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First hints of gravitational waves in the Big Bang's afterglow

By Krzysztof Bolejko and Alan Duffy

Scientists in the US have announced what they believe is the indirect detection of gravitational waves in the afterglow of the Big Bang.

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Scientists at the Harvard-Smithsonian Centre for Astrophysics in the US have announced overnight what they believe is the indirect detection of gravitational waves in the afterglow of the Big Bang.

The discovery by the Background Imaging of Cosmic Extragalactic Polarisation (BICEP) collaboration, indeed even the rumours of such a discovery, sparked a huge discussion among the scientific community. Why?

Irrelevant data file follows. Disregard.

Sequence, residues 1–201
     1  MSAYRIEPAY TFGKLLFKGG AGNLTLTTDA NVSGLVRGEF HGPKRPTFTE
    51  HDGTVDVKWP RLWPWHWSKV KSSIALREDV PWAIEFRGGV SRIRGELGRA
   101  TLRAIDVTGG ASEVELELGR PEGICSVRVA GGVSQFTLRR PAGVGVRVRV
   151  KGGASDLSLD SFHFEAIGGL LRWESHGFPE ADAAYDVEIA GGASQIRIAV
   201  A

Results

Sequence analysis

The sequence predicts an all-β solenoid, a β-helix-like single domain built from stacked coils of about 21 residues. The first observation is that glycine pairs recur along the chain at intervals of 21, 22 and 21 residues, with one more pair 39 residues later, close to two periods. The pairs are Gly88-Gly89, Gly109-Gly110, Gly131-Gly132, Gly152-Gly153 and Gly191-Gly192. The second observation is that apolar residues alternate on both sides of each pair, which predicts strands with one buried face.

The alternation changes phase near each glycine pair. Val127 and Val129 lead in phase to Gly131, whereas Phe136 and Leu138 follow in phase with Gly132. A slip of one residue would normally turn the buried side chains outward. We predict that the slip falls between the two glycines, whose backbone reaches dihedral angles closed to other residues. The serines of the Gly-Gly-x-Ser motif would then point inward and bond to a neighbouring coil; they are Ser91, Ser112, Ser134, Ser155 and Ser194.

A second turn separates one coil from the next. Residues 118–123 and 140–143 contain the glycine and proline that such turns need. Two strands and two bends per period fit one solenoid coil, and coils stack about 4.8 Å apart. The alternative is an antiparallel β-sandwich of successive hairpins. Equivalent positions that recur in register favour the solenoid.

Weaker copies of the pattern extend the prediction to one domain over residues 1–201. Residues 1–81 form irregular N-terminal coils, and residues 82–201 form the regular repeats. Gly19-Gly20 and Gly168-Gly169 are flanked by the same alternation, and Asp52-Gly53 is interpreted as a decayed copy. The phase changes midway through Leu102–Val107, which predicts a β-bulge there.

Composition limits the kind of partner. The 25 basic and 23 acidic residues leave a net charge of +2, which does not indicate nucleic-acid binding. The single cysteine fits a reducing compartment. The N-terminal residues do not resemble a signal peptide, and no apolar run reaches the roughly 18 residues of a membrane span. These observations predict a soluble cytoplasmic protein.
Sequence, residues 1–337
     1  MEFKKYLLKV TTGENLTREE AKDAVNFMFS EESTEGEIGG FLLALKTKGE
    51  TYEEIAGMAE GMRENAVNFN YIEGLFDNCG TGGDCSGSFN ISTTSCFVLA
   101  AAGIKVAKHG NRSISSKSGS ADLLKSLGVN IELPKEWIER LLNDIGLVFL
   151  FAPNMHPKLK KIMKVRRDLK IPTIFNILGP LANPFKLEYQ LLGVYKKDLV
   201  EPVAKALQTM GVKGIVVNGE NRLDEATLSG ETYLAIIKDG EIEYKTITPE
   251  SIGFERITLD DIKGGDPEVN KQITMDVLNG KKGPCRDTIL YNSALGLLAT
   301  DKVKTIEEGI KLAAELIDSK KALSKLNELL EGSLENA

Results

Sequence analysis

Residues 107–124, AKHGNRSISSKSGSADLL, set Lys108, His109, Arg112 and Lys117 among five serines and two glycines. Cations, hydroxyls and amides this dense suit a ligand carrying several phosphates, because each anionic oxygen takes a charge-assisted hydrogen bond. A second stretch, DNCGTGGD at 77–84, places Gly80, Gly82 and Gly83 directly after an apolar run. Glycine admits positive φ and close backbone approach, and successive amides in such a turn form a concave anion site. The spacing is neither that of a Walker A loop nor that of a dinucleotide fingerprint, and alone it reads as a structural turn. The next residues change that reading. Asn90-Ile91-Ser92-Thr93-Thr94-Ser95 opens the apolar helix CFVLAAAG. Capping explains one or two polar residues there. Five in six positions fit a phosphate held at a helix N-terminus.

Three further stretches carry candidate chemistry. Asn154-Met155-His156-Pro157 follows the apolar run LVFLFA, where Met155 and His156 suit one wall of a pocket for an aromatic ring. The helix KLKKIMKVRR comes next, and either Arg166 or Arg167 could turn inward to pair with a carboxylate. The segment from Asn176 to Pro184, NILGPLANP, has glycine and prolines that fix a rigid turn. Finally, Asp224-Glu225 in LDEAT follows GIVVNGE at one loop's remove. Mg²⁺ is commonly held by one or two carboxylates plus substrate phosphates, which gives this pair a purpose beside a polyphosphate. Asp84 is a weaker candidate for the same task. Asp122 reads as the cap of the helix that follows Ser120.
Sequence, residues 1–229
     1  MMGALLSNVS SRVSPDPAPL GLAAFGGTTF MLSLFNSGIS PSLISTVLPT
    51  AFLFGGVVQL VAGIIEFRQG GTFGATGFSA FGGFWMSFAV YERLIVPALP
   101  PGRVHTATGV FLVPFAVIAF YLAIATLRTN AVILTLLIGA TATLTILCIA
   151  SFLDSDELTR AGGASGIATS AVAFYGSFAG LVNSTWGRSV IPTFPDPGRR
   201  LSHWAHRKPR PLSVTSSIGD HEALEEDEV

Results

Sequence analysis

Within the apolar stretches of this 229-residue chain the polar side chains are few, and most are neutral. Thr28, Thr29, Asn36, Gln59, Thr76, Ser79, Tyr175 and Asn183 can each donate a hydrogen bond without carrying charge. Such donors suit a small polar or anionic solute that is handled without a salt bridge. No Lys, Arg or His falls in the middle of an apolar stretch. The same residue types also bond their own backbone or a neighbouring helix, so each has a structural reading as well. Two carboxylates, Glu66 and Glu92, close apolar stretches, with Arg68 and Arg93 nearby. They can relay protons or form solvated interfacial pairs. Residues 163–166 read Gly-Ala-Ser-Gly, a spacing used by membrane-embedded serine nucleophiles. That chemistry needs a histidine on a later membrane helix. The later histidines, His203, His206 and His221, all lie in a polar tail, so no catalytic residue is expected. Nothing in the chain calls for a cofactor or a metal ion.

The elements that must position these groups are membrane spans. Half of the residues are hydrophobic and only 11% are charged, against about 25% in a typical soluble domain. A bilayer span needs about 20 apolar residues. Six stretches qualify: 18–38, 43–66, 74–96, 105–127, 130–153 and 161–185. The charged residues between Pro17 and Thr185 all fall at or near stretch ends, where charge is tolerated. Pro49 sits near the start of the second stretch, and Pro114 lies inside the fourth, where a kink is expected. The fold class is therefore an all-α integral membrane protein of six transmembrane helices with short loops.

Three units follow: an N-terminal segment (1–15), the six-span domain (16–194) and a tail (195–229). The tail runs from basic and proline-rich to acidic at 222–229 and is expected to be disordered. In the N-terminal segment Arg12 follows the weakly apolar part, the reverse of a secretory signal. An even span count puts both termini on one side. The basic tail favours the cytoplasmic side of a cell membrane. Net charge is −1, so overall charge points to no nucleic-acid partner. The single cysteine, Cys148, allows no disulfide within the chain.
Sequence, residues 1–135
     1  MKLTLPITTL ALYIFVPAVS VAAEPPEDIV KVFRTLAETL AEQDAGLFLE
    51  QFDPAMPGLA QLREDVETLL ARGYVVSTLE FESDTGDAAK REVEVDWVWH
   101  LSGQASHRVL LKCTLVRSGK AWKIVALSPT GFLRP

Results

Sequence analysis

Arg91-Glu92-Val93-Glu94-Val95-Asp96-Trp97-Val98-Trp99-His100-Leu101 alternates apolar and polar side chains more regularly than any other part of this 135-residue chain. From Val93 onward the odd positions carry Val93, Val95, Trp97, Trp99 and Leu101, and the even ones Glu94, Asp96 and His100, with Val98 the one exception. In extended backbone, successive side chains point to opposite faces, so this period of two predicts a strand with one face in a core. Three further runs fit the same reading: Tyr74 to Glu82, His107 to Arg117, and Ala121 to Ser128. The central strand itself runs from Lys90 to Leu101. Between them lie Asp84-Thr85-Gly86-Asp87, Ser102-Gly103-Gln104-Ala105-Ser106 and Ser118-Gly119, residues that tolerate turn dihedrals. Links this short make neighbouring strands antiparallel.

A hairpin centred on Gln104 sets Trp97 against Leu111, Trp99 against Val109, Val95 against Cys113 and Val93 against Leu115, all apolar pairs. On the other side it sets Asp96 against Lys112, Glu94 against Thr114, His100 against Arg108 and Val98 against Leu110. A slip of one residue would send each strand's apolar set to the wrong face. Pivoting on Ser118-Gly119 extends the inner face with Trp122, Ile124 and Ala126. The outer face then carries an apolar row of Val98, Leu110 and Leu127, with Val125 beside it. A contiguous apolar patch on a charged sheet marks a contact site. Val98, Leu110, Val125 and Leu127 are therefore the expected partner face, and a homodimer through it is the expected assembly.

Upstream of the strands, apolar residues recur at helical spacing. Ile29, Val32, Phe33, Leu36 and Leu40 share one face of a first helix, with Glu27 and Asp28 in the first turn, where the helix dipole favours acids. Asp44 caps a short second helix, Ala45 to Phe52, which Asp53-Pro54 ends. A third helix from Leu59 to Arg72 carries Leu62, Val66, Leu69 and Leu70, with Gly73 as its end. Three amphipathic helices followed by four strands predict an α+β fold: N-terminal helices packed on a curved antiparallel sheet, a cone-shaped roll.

As the last untested prediction of Einstein’s Theory of General Relativity, finding gravitational waves is a big deal.

The BICEP discovery provides further indirect evidence for the existence of gravitational waves (the 1993 Nobel Prize in Physics was awarded to Russell Hulse and Joseph Taylor for finding a double pulsar that strongly supported these “ripples” in spacetime).

Secondly, and...

The full text of this article can be purchased from Informit.